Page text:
Punctual persons get terribly upset every time they encounter persons who are not time-conscious. Yet, they often tolerate the unpunctuality of others. Sometimes, it’s out of compulsion (as I did in the case of my customer in ‘IST: Indian Standard Time or Indian Stretchable Time?’). Sometimes, it’s because of our excessively tolerant nature. Mostly, it’s because we think we just can’t change the other person!
Can an unpunctual person be made punctual? Yes!
Early in my career, I worked with a marketing company having branches in about a dozen places in India. Each Sales Executive had to send a Sales Status Report to the Head Office every month. If a Sales Executive’s SSR did not reach HO by the 5th of the month, his salary and his Branch Manager’s salary would be withheld. Their salary would be paid only after the Managing Director informed Accounts Department that he was satisfied with the written explanations given by the Sales Executive and his Branch Manager for not sending the SSR on time. Needless to say, no Sales Executive ever missed the deadline! More importantly, every Branch Manager ensured that all SSRs from his branch reached HO on time every month!!
Maybe an employer can get away with such tough action, but what can a customer do about a tardy salesperson? The Sales Manager of an insurance company had agreed to meet me in my office at 3.00 pm one day regarding Health Insurance policies for our employees. Since he had not turned up by 4.00 pm, I contacted him on his mobile phone. He apologised and explained that he was held up at a client’s place in another part of the city. He had no answer when I asked him why he hadn’t bothered to inform me. Anyway, he agreed to meet me at 10.00 am the next day. Despite my scolding the previous day, he turned up one hour late, again without having informing me that he would be late. I was so upset that, as he entered my office, I gave him five 1 Rupee coins and said, “It appears your company and you are facing a cash crunch, that’s why you don’t want to spend money on phone calls. I am reimbursing you in advance for phone calls that you may have to make in future to inform me that you will be late for a meeting with me! After you have used up this money, I’ll give you some more!!” The guy was shocked. He made an attempt to refuse the money, to which I said, “If you don’t accept this money, you can forget about any business from me!” He took the money. From that day, he has never reported late for any meeting with me. He claimed he had become equally punctual with all customers. I hope he was telling me the truth!
An employer may have the upper hand in an employer-employee relationship, a customer may have the upper hand in a customer-salesperson relationship, but in a teacher-student relationship, it is the teacher who has the upper hand! So, is it possible for a punctual student take a tough stand against his tardy teacher? Possible or not, one student did!! About 25 years back, BK joined a prestigious engineering institute to do his M.Tech. BK was a highly disciplined and systematic person, in complete contrast to his M.Tech Guide, Prof. NB, who was laidback and unpunctual, but a brilliant engineer, researcher and teacher! At the end of the first year, BK had to make a presentation about his M.Tech Project to a panel consisting of Prof. NB, an internal examiner and an external examiner. The presentation was scheduled for 3.00 pm on a Thursday. BK reached the venue at 2.00 pm and completed his preparations by 2.30 pm. Both examiners reached around 2.50 pm, but there was no sign of Prof. NB. At 3.30 pm, BK apologized to the examiners for the inconvenience caused to them due to his guide’s non-arrival, announced that he was not waiting any longer and walked out of the room. Prof. NB reached around 3.40 pm and was told that BK had left at 3.30 pm. The next day, Prof. NB asked BK why he had walked out at 3.30 pm. BK replied, “Sir, my watch may be 10 minutes fast, your watch may be 10 minutes slow, 10 minutes delay is OK; totally 30 minutes is allowed. After that, if you haven’t reached and you haven’t called or sent a message, it means you don’t respect me. I don’t want to work under a guide who does not respect me.” All those present expected the temperamental Prof. NB to react angrily, but he knew he had met his match! He apologized to BK, admitted his mistake, assured him that this would never occur again, and convinced BK to continue work on his project.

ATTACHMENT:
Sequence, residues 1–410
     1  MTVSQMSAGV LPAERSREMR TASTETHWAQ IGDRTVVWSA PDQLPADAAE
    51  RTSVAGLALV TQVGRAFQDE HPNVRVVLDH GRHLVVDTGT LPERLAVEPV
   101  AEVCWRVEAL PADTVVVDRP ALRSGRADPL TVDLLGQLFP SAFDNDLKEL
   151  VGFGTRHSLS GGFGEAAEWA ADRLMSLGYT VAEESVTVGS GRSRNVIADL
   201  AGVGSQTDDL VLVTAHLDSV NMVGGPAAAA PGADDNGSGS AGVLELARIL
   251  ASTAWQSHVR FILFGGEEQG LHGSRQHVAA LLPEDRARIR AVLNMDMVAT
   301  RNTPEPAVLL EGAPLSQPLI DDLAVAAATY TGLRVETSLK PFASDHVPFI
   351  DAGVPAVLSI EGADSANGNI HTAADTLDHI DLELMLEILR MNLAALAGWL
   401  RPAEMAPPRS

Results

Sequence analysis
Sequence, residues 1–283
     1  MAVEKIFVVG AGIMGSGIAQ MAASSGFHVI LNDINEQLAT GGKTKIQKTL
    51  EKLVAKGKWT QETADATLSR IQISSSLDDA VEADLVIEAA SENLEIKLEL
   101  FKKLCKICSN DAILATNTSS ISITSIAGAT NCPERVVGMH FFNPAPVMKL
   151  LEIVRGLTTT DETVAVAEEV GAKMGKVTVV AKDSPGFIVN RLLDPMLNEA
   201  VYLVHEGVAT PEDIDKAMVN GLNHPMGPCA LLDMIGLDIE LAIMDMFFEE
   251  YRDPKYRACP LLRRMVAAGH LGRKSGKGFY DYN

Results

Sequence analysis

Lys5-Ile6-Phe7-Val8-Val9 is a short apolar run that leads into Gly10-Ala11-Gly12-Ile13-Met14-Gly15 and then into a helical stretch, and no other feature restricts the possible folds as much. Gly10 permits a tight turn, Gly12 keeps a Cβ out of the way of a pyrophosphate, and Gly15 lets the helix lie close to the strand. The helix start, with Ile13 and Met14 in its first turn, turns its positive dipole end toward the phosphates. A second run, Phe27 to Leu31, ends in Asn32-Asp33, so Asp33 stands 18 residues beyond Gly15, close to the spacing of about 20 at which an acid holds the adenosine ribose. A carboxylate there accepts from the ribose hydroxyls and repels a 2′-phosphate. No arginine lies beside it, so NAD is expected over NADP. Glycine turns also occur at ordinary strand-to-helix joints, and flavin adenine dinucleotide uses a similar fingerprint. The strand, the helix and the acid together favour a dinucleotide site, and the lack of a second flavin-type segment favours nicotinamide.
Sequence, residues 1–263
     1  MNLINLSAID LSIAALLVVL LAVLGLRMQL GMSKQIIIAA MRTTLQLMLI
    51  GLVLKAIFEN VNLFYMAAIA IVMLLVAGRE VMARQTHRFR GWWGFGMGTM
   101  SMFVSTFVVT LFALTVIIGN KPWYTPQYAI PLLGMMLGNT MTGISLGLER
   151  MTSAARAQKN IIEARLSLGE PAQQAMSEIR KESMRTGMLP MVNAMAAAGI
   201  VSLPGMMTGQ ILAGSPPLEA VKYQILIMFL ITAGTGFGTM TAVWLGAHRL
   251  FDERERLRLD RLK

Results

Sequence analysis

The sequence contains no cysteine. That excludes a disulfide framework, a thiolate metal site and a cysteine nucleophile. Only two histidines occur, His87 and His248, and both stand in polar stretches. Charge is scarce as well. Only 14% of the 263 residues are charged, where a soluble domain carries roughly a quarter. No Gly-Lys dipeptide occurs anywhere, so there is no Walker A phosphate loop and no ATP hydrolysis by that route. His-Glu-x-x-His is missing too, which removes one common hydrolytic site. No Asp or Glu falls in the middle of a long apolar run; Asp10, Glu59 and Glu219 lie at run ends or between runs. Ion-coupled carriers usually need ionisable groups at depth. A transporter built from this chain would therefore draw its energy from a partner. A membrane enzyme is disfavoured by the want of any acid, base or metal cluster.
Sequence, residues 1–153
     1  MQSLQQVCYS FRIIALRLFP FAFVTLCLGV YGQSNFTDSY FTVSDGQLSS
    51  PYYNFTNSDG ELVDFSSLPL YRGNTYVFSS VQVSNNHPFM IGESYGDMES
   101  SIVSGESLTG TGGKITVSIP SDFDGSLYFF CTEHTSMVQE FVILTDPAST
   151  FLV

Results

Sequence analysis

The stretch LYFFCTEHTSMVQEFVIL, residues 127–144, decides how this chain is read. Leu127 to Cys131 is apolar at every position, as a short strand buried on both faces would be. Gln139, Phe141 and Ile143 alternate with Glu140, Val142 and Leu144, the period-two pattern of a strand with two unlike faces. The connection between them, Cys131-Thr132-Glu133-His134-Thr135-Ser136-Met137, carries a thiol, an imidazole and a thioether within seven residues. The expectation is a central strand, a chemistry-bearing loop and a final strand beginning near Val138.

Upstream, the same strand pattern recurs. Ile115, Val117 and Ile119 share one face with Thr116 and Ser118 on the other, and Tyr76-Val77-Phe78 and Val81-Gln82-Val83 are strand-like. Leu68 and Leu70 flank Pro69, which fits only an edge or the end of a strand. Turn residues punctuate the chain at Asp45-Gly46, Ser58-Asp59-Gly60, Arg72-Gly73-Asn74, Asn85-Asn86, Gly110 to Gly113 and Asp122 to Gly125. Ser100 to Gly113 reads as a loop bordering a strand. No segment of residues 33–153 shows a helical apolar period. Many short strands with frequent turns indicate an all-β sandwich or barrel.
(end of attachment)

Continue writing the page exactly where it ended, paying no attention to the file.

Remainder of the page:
Unless there are compelling not to do so on certain occasions, punctual people must express their displeasure explicitly whenever they encounter callous unpunctuality. If they manage to change the other person, good! If not, they would at least have let off some steam!!